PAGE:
A.Celine, S.Claudio, Converting a peptide into a drug: Strategies to improve stability and bioavailability. Current medicinal chemistry 2002, 9, 963-978

E.S.Khafagy, N.Kamei, M.Takeda-Morishita, Cell-penetrating peptide-biodrug strategy for oral and nasal delivery: Review of recent findings. Journal of Experimental & Clinical Medicine 2012, 4, 198-202

Y.Ozsoy, S.Gungor, E.Cevher, Nasal delivery of high molecular weight drugs. Molecules 2009, 14, 3754-3779

A.F.B.Räder, F.Reichart, M.Weinmüller, H.Kessler, Improving oral bioavailability of cyclic peptides by N-methylation. Bioorganic & Medicinal Chemistry 2018, 26, 2766-2773

C.K.Wang, D.J.Craik, Cyclic peptide oral bioavailability: Lessons from the past. Peptide Science 2016, 106, 901-909

DELIVERY ROUTES FOR BIOAVAILABILITY OF PEPTIDES

Advancements in drug delivery technologies have sought to overcome the challenges associated with peptides, such as poor bioavailability that results from their low permeability of biological membranes and rapid degradation in the body. Peptides are frequently administered by subcutaneous injection but only a few subcutaneous systems offer sustained peptide release. As a result, uncomfortable injections can be necessary, often several times daily (1). To provide convenience and patient adherence, oral administration of peptides as well as other non-invasive routes such as nasal and inhalational have been a main focus of formulation research for the delivery of peptide therapeutics. Currently, there are approximately 70 peptide drug candidates in various phases of clinical development that are delivered via oral, nasal and inhalational routes. A selection of these peptides in Phase III or the Pre-Registration stage of development are shown in Table 1.

Table 1 Peptides in Phase III or Pre-Registration Phase of Development with Oral, Nasal or Inhalational Delivery

Product Name Generic Name Route of Administration Indication Highest Phase Companies
LY-900018 Glucagon Nasal Hypoglycemia Pre-Registration Eli Lilly and Co
Tbria Calcitonin Oral Post-menopausal Osteoporosis Pre-Registration Tarsa Therapeutics Inc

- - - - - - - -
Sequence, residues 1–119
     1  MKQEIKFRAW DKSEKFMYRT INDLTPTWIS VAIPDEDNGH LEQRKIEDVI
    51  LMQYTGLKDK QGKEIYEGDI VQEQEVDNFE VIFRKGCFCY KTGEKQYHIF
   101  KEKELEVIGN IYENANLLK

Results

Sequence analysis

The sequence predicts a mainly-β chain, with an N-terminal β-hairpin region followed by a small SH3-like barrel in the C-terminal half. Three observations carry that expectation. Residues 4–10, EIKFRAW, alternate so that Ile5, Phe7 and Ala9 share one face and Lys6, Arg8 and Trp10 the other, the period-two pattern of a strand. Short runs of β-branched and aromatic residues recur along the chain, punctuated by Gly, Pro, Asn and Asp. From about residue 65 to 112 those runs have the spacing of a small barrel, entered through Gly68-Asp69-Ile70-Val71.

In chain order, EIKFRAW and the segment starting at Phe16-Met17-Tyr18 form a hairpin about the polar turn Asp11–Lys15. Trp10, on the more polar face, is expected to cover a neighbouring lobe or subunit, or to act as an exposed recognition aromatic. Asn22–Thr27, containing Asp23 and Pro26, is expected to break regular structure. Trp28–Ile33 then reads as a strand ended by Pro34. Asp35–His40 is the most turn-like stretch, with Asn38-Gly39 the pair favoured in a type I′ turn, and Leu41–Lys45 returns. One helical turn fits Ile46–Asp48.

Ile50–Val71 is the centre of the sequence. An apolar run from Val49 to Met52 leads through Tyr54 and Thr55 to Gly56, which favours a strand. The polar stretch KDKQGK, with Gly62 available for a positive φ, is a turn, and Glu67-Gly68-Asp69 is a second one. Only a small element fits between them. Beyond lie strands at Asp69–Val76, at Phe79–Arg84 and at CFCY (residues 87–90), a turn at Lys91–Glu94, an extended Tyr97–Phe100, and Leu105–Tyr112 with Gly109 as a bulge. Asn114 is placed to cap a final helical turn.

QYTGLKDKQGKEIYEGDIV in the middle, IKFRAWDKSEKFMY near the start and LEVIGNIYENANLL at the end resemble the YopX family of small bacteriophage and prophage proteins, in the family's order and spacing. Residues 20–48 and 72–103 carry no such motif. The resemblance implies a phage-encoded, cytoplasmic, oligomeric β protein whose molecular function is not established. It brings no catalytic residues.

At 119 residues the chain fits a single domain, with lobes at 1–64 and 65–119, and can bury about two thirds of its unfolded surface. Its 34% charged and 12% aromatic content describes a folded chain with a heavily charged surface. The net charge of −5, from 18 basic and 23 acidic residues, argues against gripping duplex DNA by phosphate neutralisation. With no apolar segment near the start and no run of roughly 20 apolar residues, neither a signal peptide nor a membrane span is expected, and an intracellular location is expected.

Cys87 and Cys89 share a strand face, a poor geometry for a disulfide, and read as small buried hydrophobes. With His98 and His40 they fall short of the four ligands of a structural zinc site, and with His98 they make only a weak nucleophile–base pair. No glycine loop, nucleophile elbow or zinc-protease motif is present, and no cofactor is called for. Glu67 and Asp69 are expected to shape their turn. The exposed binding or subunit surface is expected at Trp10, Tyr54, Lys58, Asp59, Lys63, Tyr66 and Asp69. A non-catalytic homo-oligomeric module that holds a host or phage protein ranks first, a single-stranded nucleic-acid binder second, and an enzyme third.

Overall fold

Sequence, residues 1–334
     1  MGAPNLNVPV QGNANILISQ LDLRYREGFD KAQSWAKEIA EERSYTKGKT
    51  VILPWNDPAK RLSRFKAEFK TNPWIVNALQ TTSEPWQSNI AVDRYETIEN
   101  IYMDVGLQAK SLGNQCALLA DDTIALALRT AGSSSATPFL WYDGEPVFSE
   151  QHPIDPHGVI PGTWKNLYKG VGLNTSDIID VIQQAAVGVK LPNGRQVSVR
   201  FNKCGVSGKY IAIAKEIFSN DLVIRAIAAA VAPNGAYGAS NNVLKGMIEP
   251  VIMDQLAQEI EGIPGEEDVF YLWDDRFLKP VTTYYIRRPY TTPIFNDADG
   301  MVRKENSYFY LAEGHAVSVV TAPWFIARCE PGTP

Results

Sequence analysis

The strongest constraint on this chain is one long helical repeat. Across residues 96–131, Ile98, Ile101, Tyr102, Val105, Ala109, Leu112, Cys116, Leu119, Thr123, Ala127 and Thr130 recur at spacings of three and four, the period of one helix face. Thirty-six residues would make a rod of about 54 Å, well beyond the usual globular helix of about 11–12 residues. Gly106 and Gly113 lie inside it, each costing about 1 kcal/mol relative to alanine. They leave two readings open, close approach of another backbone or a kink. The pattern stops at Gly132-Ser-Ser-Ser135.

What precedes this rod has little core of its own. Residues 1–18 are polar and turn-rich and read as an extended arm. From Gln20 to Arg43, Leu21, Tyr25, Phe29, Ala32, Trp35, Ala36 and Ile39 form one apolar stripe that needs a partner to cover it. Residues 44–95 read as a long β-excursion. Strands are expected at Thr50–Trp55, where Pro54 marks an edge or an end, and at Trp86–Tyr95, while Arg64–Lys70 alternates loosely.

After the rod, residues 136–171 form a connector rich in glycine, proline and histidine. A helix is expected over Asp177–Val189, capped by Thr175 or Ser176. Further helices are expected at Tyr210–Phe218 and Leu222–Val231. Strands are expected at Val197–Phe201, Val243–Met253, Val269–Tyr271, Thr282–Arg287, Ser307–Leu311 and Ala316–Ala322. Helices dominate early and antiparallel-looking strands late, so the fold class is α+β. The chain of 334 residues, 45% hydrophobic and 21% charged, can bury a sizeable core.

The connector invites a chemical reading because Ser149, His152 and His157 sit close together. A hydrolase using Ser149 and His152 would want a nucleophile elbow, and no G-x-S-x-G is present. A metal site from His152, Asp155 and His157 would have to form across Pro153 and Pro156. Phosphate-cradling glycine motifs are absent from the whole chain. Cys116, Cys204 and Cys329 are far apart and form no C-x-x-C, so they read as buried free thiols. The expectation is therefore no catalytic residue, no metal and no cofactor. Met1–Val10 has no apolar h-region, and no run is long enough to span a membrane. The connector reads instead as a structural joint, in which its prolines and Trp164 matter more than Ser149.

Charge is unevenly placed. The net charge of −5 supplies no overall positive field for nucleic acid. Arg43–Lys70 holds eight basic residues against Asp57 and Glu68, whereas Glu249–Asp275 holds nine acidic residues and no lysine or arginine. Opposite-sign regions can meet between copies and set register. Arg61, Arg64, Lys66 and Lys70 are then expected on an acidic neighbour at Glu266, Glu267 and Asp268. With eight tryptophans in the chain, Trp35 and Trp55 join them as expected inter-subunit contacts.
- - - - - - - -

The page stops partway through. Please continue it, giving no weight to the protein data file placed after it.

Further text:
NN-9924 Semaglutide Oral Type 2 Diabetes; Cardiovascular Risk Factors Pre-Registration Novo Nordisk AS
Libicore -- Nasal Female Hypoactive Sexual Desire Disorder Phase III Ivix Ltd
Aviptadil Aviptadil Inhalational Sarcoidosis Phase III Relief Therapeutics Holding AG
Mycapssa Octreotide acetate Oral Acromegaly Phase III Chiasma Inc

Advancements in drug delivery technologies have sought to overcome the challenges associated with peptides, such as poor bioavailability that results from their low permeability of biological membranes and rapid degradation in the body. Peptides are frequently administered by subcutaneous injection but only a few subcutaneous systems offer sustained peptide release. As a result, uncomfortable injections can be necessary, often several times daily (1). To provide convenience and patient adherence, oral administration of peptides as well as other non-invasive routes such as nasal and inhalational have been a main focus of formulation research for the delivery of peptide therapeutics. Currently, there are approximately 70 peptide drug candidates in various phases of clinical development that are delivered via oral, nasal and inhalational routes. A selection of these peptides in Phase III or the Pre-Registration stage of development are shown in Table 1.

 

Oral Delivery Candidates

TbriaTM, a once-daily oral formulation of recombinant calcitonin, was under development by Tarsa Therapeutics for the treatment of post-menopausal osteoporosis (2). In 2019, R-Pharm JSC acquired the rights to Tbria and R-Pharm JSC will assume responsibility for its clinical development. This oral formulation of calcitonin utilizes a patented oral delivery technology that is licensed from Enteris Biopharma (3).

 

Novo Nordisk is developing NN-9924, a once-daily oral formulation of semaglutide that is produced as a tablet. The oral formulation is based on Eligen® technology developed by Emisphere Technologies and utilizes SNAC (N-(8-(2-hydroxybenzoyl) amino) caprylic acid), an absorption-enhancing excipient. In March 2019, the company filed for marketing approval in the United States and Canada for the treatment of type 2 diabetes and cardiovascular (CV) risk reduction indication in adults with type 2 diabetes. In April 2019, Novo Nordisk filed for marketing authorization with the European Medicines Agency. Assuming that oral semaglutide is approved, it will become the first glucagon-like peptide-1 (GLP-1) receptor agonist available in a tablet form (2).